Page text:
GEORGE PRENTICE: I got just a couple of minutes, but I'd be remiss if I didn't talk about spring and summer, which are the two near the top of the list of why we live in Boise. We love spring and summer here, but drought is reality. And while we in the media spend a lot of time talking about drought in rural Idaho or the agricultural sector, could you talk a bit about how concerning drought is in the city?

LAUREN MCLEAN: Sure. And I'd say, George, I think a lot of us, myself included, love winter as well. And we really saw the impacts of that drought on our snowpack this summer, this winter, and which of course, will impact water downstream in the spring and summer.

GEORGE PRENTICE: But I love sitting in a city park on a summer afternoon.

LAUREN MCLEAN: Under a tree, so it's a little cooler. And then I'll give it.

GEORGE PRENTICE: Anywhere.

LAUREN MCLEAN: And I'll give you that. Summer's magical time here in Boise. The impacts of drought are real. And, you know, we've seen in the last several years our days getting hotter in the summer. So that's not water. But it does impact water and drought. The impact of more wildfire in the west and what that means from a smoke perspective in our community, because we've been blessed so far not to burn as other places have. And then now with such a low snow winter, the kind of repercussions of yet another low water year on the supply of water, both this year in the short term. But then what this means long term as this continues to change in the West. And so as a city, we believe that we've got to take care of people, protect our residents health and mitigate risk from a health perspective, but also from a financial perspective. And so with our Climate Action Division, we've made goals around being carbon neutral and by around transitioning to clean electricity by 2030. That's really important because that helps us prepare. For a climate constrained future. And then also we are water planning for the future. And a big, big step that Boiseans took was to approve that clean water climate action bond back in November at 80%. What a vote that was. And that sets the city up for water renewal in the future. So taking used water, cleaning it so it can be reused in the event that we have less water than we have in the, than we have today. And then, of course, steps that we're taking to conserve water as a municipal government and then looking at how and providing information to the public on how they can conserve water, how each of us at home can conserve water. But really looking at the big impact that we can have as a city municipal government is to look at our own operations and reduce that use wherever we need to make sure that we have water supply in the future. So looking at the opportunities when water rights become available to secure those for Boiseans, I mentioned water renewal. If you can use water once, you might as well use it twice. So you've got more taking steps like that because Boise does expect us to lead. But fundamentally it's about protecting the health of our residents, ensuring that we have access to a life giving resource which is water, and making sure that we've done everything we can to limit the costs in the long run of having access to water in a climate constrained west and in a community that's experiencing and will continue to experience drought.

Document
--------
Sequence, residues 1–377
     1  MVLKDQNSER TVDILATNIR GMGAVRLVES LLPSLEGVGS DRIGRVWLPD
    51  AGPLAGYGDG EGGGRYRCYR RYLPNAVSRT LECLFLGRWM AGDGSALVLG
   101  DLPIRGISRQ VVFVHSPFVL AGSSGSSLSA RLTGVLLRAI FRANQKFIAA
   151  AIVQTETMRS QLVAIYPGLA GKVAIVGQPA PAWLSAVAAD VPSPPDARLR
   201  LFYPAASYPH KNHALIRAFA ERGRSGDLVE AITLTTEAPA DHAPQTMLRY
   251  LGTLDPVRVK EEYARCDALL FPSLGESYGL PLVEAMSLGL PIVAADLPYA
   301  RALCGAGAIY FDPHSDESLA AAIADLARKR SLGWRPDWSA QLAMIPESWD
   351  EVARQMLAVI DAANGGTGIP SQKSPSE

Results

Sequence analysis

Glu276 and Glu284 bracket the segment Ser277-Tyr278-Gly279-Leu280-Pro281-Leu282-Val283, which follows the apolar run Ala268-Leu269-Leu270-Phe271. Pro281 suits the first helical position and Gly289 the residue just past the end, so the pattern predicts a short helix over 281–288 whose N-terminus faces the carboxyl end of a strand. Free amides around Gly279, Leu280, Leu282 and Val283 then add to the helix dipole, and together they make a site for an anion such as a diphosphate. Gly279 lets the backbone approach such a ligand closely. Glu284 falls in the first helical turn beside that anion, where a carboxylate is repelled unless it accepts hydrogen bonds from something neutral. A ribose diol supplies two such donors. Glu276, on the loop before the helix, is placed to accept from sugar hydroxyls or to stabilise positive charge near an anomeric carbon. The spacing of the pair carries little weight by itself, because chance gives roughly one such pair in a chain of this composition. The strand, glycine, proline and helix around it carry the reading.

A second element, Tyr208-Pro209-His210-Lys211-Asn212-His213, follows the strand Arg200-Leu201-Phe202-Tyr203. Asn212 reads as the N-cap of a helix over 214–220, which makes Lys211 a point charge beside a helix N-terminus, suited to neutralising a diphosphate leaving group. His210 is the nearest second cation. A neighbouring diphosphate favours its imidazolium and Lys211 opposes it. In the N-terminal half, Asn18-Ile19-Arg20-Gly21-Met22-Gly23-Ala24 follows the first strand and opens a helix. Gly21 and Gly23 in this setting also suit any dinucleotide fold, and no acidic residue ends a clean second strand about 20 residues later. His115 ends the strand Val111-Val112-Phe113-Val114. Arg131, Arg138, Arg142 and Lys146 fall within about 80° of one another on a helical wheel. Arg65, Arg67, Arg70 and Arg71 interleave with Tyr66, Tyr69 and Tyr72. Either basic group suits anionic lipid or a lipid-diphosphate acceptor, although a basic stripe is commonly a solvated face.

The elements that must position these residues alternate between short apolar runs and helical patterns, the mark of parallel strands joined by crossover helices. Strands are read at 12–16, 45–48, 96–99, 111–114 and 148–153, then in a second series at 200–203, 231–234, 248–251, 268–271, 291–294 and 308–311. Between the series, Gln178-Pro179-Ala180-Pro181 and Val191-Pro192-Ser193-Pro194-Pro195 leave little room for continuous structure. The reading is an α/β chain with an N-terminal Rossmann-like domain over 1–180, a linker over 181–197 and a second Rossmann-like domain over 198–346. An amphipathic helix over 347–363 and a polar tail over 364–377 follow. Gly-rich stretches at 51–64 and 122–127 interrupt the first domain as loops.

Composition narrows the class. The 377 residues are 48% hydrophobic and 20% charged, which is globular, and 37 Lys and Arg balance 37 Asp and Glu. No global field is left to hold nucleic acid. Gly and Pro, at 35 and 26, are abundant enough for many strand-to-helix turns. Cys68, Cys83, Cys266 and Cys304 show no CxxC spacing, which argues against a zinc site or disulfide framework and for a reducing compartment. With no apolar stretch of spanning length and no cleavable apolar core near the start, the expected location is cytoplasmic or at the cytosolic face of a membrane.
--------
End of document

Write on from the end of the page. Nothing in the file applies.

GEORGE PRENTICE: Well, I know that you have another very long, busy day and we'll be watching and listening this evening. And and good luck with that. And in the meantime, we're very grateful for you to give us a few minutes this morning.

LAUREN MCLEAN: Well, George, thanks so much. It was great to chat with you again. I hope you have a great weekend.